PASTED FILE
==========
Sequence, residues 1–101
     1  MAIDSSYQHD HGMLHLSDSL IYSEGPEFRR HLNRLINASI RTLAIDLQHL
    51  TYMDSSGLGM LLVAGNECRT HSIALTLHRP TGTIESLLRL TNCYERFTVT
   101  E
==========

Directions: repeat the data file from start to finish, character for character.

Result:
Sequence, residues 1–101
     1  MAIDSSYQHD HGMLHLSDSL IYSEGPEFRR HLNRLINASI RTLAIDLQHL
    51  TYMDSSGLGM LLVAGNECRT HSIALTLHRP TGTIESLLRL TNCYERFTVT
   101  E